Meta files €400m appeal against Instagram with the Irish regulator for infringing on children’s privacy

Meta Platforms Ireland Ltd, formerly Facebook Ireland, is seeking a High Court case to overturn a record €405 million fine for breaching children’s privacy on its Instagram service.

Last September, the Data Protection Commission (DPC) fined GDPR violations for automatically publishing mobile phone numbers and email addresses of teenage Instagram users under the default settings of the app’s “business account” service. This default setting has since been changed by Instagram.

Meta, which also owns WhatsApp, claims the DPC decision violates the EU Charter of Fundamental Rights and is therefore invalid.

It is asking for a range of explanations from the High Court, including that certain parts of the Data Protection Act 2018, under which the fines were imposed, are invalid under the Constitution and incompatible with the European Convention on Human Rights.

It is also calling for the hearing of its High Court case to be held “other than in public”.

Meta says it intends to ask the EU’s Court of Justice to overturn a decision by the European Data Protection Board (EDPB) which had instructed the Irish DPC to ensure the fines imposed were “effective, proportionate and dissuasive”. The DPC is the lead regulator in the EU, as Meta has its European headquarters in Dublin, while the EDPB coordinates the work of national and regional data regulators in the EU and a handful of countries outside the Union.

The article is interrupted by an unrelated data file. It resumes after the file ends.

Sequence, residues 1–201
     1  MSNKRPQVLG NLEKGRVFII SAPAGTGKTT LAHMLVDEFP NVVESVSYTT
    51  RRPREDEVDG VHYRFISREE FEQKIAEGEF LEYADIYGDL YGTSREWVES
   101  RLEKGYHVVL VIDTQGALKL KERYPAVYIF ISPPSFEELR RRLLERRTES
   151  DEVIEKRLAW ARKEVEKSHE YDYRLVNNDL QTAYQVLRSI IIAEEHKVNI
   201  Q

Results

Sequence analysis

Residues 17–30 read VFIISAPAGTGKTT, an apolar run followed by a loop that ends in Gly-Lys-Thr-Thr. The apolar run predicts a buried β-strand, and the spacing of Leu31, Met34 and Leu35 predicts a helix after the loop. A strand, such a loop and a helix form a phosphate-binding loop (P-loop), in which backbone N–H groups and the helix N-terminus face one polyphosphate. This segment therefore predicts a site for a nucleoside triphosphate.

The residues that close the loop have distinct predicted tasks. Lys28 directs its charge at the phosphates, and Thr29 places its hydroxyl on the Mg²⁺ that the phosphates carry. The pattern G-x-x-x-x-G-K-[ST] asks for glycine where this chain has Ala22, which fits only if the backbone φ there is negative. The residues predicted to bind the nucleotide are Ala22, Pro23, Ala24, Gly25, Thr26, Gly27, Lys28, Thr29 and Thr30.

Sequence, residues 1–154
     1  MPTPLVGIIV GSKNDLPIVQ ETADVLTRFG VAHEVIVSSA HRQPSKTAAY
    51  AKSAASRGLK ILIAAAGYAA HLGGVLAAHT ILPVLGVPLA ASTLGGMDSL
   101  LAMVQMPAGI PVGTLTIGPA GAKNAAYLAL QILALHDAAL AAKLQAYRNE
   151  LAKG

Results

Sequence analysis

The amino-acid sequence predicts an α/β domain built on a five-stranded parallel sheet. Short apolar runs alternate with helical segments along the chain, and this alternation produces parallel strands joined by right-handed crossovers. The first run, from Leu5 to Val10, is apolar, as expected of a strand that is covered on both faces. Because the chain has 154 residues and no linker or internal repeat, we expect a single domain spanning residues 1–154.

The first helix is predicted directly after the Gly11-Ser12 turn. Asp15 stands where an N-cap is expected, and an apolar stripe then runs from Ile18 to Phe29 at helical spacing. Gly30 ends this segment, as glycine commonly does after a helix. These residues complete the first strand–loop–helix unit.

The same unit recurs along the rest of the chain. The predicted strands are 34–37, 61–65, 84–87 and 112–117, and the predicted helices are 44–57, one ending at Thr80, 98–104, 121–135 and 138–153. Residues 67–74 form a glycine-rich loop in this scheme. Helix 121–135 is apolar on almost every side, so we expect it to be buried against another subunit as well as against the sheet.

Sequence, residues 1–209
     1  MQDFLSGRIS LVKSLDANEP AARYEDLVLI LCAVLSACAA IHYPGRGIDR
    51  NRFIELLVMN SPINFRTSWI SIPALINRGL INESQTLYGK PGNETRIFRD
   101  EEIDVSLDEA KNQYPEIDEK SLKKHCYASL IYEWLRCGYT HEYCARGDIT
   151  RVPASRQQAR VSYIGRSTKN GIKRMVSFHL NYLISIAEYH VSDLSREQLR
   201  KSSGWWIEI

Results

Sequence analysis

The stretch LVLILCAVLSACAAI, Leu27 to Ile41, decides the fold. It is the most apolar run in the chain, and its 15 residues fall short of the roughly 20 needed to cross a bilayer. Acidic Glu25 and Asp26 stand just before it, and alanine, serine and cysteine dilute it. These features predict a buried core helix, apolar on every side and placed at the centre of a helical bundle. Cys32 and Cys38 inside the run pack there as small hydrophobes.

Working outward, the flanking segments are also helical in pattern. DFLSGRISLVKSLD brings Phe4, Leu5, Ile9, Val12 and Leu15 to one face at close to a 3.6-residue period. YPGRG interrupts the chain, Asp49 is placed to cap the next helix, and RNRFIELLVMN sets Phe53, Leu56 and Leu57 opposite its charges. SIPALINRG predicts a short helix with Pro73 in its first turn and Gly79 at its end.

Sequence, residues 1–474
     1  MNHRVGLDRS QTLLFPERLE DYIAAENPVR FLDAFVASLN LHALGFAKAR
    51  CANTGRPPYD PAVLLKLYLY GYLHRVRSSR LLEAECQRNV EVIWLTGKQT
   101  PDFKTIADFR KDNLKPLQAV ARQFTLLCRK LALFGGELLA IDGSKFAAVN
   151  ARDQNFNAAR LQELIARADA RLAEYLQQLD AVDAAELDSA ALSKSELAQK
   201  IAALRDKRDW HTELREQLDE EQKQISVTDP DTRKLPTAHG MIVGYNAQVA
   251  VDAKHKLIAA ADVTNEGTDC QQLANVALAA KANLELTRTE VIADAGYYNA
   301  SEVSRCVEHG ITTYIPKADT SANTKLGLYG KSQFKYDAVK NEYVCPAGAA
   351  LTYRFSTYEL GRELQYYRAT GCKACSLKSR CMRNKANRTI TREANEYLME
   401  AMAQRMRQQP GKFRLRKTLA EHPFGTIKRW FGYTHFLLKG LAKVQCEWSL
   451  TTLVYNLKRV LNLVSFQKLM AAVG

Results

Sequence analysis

The case against the DPC, Ireland and the Attorney General was mentioned just before Justice Charles Meenan on Monday by Declan McGrath SC, who is representing Meta in a one-sided motion.

The judge held Mr. McGrath’s motion for leave of absence open to ensure that it was filed within the judicial review time limits. He adjourned the request to January.

In its lawsuit, Meta says the DPC’s decision was unlawful, flawed in law and/or outside of its powers due to the fact that its original decision was amended based on the EDPB decision. It is said that the DPC erred in treating “non-binding views” of the EDPB as binding.

The DPC also took into account irrelevant considerations, namely the views expressed by other European data regulators, which Meta says “were not expressed through relevant and reasoned objections”.

According to Meta, there was also a breach of due process by the DPC and EDPB, including both bodies’ failure to consider expert evidence presented by the social media company.

The DPC also did not adequately justify the decision, says Meta.

She further alleges there was a manifest error of judgment in her “misinterpretation and misapplication” of certain articles of the GDPR regulations.

Meta confirmed last week that it will cut 11,000 jobs across its 87,000-strong global operation, with around 350 jobs eliminated in Ireland.

The company – formerly Facebook Inc. – said it would cut 13 per cent of its global workforce but has not yet publicly announced how many jobs will be cut in Ireland.

However, sources say 350 jobs are to be cut from 3,000 Irish staff. Meta files €400m appeal against Instagram with the Irish regulator for infringing on children’s privacy

Fry Electronics Team

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